This is an important exercise in any stage of your business, but it’s especially important before you begin bringing on additional team members. The people who make up your team should understand and align with your vision for the company—it will be just as much their responsibility as yours to see that vision through. And if it’s a vision that they’re excited about, can get behind and support, it’s that much more likely that you’ll have found a perfect new member of your team.
Identify Your Needs
Where are you dropping the ball in your business? What are the activities that you’re not very good at (accounting comes to mind for me)? I’m not trying to call you out or force you to look at your weaknesses—I want you to see where you need help the most. Where should you be delegating your work, so that you can focus on the work that you’re best at—and on building and growing your business? In The Conquer Kit, entrepreneur Natalie MacNeil advises that if a potential employee can do a task 70% (or more) as well as you can, then you need to delegate it.
These are the things you need to consider before you hire your first employee, because the answers will dictate exactly what you need to be hiring for, and who will best fill that role. It may be helpful to start by taking a look at all of the work you do in your business on a weekly basis. Where do you most need support right now?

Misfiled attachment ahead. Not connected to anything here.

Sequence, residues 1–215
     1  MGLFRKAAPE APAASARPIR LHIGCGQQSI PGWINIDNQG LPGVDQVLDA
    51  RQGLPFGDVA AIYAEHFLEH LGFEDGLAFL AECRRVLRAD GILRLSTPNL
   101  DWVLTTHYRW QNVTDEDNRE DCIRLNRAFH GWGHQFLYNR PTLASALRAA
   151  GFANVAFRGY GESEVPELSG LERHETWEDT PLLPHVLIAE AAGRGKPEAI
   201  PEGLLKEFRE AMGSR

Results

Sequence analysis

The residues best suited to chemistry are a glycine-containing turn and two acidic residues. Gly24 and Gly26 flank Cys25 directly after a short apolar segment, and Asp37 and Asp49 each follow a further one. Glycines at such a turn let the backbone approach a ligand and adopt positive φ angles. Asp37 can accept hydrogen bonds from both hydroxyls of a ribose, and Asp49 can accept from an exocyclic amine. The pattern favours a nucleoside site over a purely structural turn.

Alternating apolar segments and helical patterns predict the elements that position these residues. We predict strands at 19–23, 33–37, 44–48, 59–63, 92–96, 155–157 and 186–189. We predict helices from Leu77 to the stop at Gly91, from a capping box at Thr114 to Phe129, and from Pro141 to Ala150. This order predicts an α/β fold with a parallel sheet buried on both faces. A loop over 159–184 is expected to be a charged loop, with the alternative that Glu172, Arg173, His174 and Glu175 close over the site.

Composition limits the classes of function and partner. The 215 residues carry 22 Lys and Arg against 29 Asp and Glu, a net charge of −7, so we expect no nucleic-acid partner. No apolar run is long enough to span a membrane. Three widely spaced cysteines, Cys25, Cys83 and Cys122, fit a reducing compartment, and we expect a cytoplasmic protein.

If you’re not in a position to hire for every job you’d like to delegate, that’s understandable, too—start with the job that will make the biggest difference to you and to your company. What will take the most off of your plate and significantly contribute to the growth of your business in a short period of time? The faster the company grows, the faster you’ll be able to hire even more team members!
Consider Your Culture
In his book, Scary Close, my friend and author, Donald Miller, talks about his own decision to build a team after a mostly solitary career as a writer. He says:
“Our company would exist to help its employees’ dreams come true, to challenge each other within community in order to better our character, and to do this by serving our clients with excellence . . . We believed we had the power to make one another’s professional dreams come true. We believed the work we did affected more than just our clients, but each other. We believed in grace over guilt and we believed anybody could become great if they were challenged within the context of a community. Suddenly we were more than a company, we were a new and better culture. Our business had become a fund-raising front for a makeshift family.”
I know I want a company culture like Don’s; perhaps you envision something different. Regardless, your company culture is vital—it will make or break your company, because it will both be determined by the people you hire and it will determine whether you hold on to the people you hire.
What sort of culture do you want to cultivate at your company? Go back to your vision, and outline the team culture that would best contribute to that vision. Imagine your office environment, imagine interactions between team members, imagine what your employees would say about you (and your business) in a review.